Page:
welcoming, were not smiling as much as you and your riends were. Thiswould make all the sense in the world to you because they did not haveshoes. While you were there, you might show them how to make shoes,and you would see them smile, and this would cause you to smile even
more. And the act that you were continuing to smile more and more would
make you smile still more; the joy in smiling would perpetuate itsel.
Near the end o your lie, as you looked back on all you had accomplished,
you might even consider the experience o inventing shoes to be your
greatest achievement. You would think o the hundreds or thousands
o people who had improved the quality o their lives because o your
discovery. And as you breathed your last ew breaths, an enormous grin
would spread across your ace, revealing the happiness that came to your
lie through shoes.So when I say that kids with no shoes smile more than kids with shoes,
it’s clear that history, at least my version o history, would tell us otherwise.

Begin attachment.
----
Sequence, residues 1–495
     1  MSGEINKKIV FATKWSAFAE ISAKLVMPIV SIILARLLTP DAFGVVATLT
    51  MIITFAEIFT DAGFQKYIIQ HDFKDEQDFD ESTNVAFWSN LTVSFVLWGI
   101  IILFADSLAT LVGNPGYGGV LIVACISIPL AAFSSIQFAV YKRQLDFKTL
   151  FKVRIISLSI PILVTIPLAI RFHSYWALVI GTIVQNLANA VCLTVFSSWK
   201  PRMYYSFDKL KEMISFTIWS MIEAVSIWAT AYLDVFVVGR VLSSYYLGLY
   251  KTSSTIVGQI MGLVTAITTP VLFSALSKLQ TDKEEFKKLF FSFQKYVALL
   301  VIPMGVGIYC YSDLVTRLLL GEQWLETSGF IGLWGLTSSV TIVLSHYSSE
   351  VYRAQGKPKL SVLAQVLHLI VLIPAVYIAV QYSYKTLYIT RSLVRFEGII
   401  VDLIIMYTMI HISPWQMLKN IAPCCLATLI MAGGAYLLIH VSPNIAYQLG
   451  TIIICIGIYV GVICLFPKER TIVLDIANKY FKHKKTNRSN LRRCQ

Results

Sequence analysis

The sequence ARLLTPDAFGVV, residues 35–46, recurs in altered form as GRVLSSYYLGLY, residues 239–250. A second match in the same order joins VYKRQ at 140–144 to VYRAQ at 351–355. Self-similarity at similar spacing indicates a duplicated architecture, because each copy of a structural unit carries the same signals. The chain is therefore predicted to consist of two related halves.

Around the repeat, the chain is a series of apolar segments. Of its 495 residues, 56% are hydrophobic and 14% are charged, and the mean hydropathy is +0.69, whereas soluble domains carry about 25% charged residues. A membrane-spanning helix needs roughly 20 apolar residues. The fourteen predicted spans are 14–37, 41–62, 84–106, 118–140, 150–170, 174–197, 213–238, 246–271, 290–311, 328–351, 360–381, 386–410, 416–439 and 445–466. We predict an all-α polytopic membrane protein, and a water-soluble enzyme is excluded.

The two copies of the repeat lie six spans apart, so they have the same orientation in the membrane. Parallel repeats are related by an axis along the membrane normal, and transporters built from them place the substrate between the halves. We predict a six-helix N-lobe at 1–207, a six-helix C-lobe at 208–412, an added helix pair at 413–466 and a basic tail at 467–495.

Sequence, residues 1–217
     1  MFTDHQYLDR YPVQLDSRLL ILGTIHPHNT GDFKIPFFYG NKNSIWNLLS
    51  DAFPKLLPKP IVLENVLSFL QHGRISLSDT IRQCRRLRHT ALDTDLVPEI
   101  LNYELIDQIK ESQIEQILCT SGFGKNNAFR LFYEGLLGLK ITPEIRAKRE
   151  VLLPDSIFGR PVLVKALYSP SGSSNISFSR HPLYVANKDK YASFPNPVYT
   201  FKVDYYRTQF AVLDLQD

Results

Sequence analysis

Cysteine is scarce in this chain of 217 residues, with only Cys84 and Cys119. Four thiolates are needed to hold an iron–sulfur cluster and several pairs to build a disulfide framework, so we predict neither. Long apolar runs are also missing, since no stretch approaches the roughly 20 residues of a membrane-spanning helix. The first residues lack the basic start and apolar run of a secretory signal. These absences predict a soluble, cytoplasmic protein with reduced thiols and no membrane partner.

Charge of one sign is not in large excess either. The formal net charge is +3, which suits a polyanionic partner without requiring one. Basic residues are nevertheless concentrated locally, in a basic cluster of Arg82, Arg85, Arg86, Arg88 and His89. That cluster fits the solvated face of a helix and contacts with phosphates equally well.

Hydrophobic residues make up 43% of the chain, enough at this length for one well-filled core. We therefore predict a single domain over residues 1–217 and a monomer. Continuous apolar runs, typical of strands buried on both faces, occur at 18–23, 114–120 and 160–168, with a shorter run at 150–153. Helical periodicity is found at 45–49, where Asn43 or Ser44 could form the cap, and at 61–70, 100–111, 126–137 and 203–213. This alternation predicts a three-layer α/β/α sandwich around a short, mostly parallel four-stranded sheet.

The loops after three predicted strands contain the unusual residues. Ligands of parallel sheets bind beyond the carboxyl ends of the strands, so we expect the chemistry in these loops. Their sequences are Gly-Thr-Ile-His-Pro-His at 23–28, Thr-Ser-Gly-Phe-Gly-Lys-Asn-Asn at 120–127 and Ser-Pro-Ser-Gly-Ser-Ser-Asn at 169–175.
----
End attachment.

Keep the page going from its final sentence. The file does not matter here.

But I still think it may be true.I’ll tell you why. When my riends and I were in Burkina Faso, we traveled
each day rom the capital city, Ouagadougou, to a rural village called Saonre
where the orphan center was located. When we arrived at the center onthe rst day, we ound scores o little children, some o whom had tornclothing and most o whom were without shoes.As we slowly climbed out o our vans, these children gathered around usin a semicircle, staring at us quietly, lips drawn tightly into stoic poses. Welooked back at them, not knowing exactly what to do or say. A momento awkwardness hung in the air. But then someone in our group wavedto them and smiled. And a hundred little teeth shone back brightly in themorning sun.I have never seen kids smile so big. Or so much.